23rd Sunday in Ordinary Time (A)

OPTION 1: I read this very interesting story from the homily book of Fr. Simplicio Apalisok, Calling on the Crossroads Year A, that in Solomon Islands in the south pacific region, some village people practice a unique way of logging, a primitive one. If a tree is too huge an d unyielding to be brought down with an ax, the natives knock it over by shouting at it. Tribesmen climbed on the tree and scream like mad at the top of their voices. This goes on for thirty days. The tree dies and falls down. The belief is that yelling kills the spirit of the tree. According to them, it always works.

Fr. Apalisok commented that these people were primitive in their way of conducting a logging. They don’t have the edge of modern technology. We can cut a large tree in five minutes. Talking about efficiency of destruction of our forests, our generation does not anymore employ the yelling of trees like those tribesmen. We are better, don’t you think? Wait! We don’t scream at trees but we yell at people. We are worst.

Fr. Apalisok continued that you yell on your husband. Shout on your wives. Holler on your children. Curse on others. Bark like dogs. It is getting to be a normal habit for many. No choice of words or places. You do it at home, office, streets and over the phone. You can act like lighted dynamite waiting to explode in a fit of anger and madness.

Jesus in today’s gospel talks about fraternal correction and how we correct others. correcting is different from condemning. It is done in view of the good of the other. It is not a destructive criticism but a constructive one.

The truth is none of us wants to hurt anybody. That is why we do not like to correct another person. But there are times when we see someone we love getting into wrong and forming bad habits and we want to guide them back to the right track. Yes we know it hurts but it does good to the person. Besides it is our duty and responsibility too, I should say, if we follow the words of God in the first reading from the Book of Ezequiel: “…If I say to the wicked, ‘O wicked ones, you shall surely die,’ and you do not speak to warn the wicked to turn from their ways, the wicked shall die in their inequity but their blood I will require at your hand. But if you warn the wicked to turn from their ways and they do not turn from their ways, the wicked shall die in their inequity but you will have saved your life,” (33:7-9). We are our brothers’ keepers because God appoints us to be watchmen for one another. A brother or a sister who sin has a right to our guidance; we owe it to them. If we can help others by pointing out their error and fail to do it, then we will be held responsible before God. It is his or her responsibility before God if he or she ignores our warning. We are not expected to force anyone to be good; goodness must be freely chosen.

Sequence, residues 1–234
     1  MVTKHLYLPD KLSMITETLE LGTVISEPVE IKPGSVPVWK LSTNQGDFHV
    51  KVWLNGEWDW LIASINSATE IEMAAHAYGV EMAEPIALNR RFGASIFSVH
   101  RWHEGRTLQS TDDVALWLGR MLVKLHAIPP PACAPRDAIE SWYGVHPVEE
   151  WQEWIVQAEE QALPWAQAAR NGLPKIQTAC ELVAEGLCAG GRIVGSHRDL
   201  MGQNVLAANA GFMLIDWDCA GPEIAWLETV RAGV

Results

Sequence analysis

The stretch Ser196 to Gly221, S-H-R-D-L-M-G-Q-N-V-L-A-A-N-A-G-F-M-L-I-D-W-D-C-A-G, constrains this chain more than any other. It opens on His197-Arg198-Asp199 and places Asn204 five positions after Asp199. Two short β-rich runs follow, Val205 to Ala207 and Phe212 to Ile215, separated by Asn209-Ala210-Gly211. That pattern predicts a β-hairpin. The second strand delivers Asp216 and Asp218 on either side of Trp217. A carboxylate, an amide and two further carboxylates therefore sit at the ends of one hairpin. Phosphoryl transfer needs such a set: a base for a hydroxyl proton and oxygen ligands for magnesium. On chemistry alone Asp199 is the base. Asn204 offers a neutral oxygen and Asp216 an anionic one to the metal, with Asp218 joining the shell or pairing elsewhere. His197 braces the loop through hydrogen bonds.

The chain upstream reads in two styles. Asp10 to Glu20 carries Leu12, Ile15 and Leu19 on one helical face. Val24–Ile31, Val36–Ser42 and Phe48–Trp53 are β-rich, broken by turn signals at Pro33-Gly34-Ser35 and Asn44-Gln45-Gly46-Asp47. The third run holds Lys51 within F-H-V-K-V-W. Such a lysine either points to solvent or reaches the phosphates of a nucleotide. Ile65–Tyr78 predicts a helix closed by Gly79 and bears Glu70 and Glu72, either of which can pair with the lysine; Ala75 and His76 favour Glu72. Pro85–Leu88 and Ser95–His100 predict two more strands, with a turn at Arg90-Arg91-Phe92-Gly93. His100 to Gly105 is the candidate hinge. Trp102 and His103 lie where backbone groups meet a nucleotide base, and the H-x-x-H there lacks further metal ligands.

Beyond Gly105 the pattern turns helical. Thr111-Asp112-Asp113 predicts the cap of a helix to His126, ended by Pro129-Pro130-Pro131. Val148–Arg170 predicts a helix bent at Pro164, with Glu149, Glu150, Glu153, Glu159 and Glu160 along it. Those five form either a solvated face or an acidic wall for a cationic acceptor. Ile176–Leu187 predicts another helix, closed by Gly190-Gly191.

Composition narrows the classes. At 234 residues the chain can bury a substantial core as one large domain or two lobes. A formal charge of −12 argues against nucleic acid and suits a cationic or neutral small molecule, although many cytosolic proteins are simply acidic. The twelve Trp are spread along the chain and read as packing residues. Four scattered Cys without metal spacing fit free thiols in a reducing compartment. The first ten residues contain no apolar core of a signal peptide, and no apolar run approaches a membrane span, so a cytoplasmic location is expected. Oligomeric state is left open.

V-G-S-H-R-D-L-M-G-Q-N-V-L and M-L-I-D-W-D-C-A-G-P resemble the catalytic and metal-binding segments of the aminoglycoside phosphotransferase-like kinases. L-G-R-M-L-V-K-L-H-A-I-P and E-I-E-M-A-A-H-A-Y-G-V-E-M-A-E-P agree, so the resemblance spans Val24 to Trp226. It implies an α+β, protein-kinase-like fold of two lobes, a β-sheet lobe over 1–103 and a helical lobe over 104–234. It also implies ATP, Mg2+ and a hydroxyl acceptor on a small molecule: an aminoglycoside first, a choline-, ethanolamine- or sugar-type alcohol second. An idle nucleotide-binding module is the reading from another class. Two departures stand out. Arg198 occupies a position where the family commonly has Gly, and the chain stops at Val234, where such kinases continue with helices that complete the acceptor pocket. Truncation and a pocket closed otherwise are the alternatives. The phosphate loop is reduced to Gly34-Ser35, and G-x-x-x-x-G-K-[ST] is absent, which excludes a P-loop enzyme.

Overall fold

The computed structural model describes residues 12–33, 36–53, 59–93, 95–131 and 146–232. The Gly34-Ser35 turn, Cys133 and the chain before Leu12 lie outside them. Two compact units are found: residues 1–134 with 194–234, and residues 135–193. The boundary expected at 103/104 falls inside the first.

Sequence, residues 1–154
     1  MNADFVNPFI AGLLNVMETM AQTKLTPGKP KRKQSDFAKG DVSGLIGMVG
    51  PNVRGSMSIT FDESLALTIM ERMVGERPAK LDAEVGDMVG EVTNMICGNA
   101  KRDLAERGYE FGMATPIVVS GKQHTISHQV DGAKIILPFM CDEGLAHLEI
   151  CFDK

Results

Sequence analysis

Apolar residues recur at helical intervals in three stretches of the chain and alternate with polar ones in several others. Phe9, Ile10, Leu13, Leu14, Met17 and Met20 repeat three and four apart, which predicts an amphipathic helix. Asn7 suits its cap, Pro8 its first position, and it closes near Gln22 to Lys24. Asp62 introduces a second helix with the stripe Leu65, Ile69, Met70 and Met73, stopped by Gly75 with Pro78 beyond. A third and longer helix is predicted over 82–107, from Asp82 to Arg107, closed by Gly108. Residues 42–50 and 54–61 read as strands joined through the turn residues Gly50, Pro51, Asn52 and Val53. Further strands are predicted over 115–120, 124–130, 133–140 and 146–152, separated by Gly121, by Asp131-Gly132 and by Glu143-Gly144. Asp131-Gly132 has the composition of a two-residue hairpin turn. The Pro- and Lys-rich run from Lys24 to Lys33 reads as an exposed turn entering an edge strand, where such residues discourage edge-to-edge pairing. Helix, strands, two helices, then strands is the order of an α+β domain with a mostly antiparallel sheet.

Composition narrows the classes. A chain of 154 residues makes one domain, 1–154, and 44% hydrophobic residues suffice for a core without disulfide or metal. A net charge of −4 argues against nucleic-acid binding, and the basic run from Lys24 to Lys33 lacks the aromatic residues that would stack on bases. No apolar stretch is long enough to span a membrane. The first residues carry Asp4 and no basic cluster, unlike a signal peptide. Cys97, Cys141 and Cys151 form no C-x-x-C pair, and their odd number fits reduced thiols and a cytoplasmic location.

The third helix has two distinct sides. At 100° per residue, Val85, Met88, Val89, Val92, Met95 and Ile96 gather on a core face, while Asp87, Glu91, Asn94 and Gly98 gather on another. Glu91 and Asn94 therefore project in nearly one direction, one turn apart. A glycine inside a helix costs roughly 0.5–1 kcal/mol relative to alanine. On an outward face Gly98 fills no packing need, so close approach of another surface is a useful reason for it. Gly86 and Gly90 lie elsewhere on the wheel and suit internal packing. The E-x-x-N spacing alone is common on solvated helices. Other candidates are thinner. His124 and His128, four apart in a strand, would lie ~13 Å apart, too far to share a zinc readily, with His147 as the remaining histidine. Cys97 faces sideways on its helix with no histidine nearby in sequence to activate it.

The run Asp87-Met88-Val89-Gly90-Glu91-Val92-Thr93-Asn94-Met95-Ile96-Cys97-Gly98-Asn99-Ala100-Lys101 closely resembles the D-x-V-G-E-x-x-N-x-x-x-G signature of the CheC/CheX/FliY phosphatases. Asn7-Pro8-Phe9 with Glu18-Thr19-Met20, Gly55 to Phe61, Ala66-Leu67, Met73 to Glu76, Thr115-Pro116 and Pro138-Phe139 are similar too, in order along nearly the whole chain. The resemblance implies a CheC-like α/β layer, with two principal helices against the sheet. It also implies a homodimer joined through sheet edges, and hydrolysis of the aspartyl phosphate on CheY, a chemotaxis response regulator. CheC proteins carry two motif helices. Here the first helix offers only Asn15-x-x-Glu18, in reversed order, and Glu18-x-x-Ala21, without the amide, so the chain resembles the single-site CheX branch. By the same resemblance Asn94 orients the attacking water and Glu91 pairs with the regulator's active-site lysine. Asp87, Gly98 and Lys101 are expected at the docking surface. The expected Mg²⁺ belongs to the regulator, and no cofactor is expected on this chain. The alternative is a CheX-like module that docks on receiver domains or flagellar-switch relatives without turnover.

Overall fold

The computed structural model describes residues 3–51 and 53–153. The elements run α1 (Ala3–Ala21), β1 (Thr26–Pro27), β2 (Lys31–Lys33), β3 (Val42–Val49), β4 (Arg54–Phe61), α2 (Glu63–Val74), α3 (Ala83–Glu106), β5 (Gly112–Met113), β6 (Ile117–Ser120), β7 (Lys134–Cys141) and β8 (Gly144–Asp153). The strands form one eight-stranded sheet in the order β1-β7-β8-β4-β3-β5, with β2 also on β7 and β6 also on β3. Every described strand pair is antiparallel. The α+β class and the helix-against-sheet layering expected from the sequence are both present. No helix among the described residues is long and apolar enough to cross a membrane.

What kind of faults we must correct? The big ones could be like: drinking, stealing, immorality. Sometimes we are bound to point out faults of which the other person may not be aware like speeding when driving, like doing a careless job when working and like complaining and using bad language and backbiting and many more.